ARM is increasingly finding its processor technology expanding from its hold on mobile applications into the server space. Broadcom, for example, is developing a 64-bit ARM-based CPU core with server-class performance, as reported here. Other companies looking to adapt ARM for the server space include Texas Instruments, and Lakshmi Mandyam, director of Server Systems & Ecosystem at ARM, has said, “For the past four years, ARM has been working on bringing the low power leadership we have demonstrated in the mobile and consumer markets into the server space.”
ARM may be getting a further boost in the server space. According to a report from Bloomberg, Google is considering designing its own ARM-based server processors. Google wouldn't comment specifically on the rumor, but Bloomberg quotes Google spokeswoman Liz Markman as saying, “We are actively engaged in designing the world’s best infrastructure. This includes both hardware design (at all levels) and software design.”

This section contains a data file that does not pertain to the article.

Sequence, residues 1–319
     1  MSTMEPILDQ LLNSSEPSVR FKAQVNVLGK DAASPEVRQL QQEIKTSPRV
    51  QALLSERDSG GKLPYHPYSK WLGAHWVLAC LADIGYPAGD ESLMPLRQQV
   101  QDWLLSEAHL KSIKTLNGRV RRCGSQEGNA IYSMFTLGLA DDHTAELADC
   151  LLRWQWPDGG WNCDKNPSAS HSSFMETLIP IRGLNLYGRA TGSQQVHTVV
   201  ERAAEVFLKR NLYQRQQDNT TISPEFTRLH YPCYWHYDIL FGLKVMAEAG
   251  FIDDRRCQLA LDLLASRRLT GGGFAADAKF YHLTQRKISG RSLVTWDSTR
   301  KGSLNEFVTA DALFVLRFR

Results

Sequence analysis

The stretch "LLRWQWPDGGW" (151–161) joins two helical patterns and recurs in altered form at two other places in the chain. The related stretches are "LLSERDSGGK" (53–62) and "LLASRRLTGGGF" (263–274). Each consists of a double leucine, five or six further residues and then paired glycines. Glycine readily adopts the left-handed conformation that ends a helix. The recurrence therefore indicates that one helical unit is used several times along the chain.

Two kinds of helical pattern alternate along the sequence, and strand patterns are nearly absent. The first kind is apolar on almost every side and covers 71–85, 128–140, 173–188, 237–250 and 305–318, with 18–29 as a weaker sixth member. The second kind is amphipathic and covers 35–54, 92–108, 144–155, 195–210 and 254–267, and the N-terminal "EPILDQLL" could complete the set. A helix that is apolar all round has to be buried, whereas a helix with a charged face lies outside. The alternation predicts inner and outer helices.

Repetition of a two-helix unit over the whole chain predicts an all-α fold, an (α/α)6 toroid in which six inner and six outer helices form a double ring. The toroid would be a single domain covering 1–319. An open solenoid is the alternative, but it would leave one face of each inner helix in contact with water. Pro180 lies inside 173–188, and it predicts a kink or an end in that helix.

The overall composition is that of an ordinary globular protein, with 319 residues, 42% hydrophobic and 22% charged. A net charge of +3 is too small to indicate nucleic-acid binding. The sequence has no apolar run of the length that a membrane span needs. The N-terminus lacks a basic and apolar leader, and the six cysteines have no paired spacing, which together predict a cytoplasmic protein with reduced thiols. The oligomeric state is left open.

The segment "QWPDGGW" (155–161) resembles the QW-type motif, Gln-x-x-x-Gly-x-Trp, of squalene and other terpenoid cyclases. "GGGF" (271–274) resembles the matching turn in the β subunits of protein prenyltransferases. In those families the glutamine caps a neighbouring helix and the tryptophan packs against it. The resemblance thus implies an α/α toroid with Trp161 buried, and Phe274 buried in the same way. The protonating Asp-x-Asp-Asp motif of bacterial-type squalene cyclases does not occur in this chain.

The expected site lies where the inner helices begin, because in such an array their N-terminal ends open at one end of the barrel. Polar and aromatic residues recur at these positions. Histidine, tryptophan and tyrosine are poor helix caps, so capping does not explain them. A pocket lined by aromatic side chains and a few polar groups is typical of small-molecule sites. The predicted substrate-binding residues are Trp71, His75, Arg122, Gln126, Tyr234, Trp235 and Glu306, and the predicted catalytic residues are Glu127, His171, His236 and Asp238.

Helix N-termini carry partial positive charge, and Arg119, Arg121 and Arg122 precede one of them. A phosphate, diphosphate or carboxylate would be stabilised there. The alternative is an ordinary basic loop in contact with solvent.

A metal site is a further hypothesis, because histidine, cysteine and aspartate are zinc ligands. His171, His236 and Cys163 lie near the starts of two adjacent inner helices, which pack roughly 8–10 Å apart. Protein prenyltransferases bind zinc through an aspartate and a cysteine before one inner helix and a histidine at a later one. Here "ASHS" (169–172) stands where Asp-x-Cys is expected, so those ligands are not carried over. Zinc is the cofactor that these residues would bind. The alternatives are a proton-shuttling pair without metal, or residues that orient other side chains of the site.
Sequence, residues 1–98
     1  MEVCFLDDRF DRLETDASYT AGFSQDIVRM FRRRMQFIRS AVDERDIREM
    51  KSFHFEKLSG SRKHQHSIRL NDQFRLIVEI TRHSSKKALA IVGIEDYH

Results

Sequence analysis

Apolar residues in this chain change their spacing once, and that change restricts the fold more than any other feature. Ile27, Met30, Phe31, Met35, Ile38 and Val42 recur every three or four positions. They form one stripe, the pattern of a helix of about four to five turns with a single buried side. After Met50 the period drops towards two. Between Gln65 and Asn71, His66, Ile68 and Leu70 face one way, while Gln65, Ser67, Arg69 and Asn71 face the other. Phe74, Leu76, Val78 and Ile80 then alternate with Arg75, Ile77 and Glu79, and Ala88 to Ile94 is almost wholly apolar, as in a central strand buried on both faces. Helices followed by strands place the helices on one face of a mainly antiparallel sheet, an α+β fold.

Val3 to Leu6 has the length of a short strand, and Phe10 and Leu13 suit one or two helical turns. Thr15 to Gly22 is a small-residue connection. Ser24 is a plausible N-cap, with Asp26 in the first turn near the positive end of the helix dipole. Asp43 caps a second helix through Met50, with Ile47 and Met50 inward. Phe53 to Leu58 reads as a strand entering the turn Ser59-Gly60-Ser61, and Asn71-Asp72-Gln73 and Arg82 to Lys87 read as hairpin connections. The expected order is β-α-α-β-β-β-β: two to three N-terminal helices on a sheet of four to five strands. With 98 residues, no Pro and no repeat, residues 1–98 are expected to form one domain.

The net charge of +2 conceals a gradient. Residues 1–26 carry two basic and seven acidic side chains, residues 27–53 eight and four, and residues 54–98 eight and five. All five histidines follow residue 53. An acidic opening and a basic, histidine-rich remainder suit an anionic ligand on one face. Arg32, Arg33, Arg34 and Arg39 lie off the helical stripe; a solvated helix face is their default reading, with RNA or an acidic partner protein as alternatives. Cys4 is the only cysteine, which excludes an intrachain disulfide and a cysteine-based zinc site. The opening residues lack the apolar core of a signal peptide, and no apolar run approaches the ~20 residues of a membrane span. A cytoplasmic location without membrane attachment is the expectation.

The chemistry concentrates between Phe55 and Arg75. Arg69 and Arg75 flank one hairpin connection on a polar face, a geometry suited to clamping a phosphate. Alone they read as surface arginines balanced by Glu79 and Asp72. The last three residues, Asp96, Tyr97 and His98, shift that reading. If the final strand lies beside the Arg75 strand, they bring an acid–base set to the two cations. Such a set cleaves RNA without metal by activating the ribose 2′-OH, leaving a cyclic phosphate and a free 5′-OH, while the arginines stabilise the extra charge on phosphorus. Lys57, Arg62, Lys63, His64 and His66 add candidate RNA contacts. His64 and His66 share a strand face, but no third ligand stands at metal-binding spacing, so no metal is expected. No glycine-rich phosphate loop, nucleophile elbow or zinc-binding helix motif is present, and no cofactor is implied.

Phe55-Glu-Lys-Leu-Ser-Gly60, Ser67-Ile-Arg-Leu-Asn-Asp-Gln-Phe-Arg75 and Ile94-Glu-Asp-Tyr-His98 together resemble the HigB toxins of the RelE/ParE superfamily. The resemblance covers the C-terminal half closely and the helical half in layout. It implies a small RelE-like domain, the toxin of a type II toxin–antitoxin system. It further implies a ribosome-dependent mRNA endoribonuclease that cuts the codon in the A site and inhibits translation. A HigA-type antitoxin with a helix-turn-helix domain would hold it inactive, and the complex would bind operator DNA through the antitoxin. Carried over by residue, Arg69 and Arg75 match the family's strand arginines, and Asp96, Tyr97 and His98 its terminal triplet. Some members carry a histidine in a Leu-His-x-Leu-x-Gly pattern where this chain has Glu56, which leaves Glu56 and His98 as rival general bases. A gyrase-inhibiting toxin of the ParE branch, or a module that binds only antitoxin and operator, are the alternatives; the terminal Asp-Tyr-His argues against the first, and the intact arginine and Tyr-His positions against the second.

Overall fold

Today, Julie Kunstler, principal analyst for optical components at Ovum, commented, “In Ovum’s view, Google’s move is an extension of its data centre infrastructure strategy, driving the requirements and if it makes sense, building in-house. While it is too early to know Google’s plans, at a minimum, Google is researching server processor technologies and is likely to establish a new set of requirements for processor vendors.”
Ovum emphasized the following points:
- Google has been designing its own data centers, driving hardware requirements from vendors such as Cisco.
- Designing its own server processors would provide Google with further control of its data centers.
- Possibly Google is digging deeper into understanding the component level in order to drive server processor requirements. We saw this move at the hardware equipment level.
- While processor design takes time, money and skills, Google has shown its ability to recruit talent and it has the resources to license technologies.